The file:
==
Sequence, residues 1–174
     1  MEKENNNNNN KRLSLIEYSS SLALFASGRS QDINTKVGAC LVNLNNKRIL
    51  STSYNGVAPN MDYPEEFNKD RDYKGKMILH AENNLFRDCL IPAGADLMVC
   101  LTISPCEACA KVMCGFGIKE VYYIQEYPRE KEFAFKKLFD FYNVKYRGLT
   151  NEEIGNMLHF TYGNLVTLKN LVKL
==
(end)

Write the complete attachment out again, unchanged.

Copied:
Sequence, residues 1–174
     1  MEKENNNNNN KRLSLIEYSS SLALFASGRS QDINTKVGAC LVNLNNKRIL
    51  STSYNGVAPN MDYPEEFNKD RDYKGKMILH AENNLFRDCL IPAGADLMVC
   101  LTISPCEACA KVMCGFGIKE VYYIQEYPRE KEFAFKKLFD FYNVKYRGLT
   151  NEEIGNMLHF TYGNLVTLKN LVKL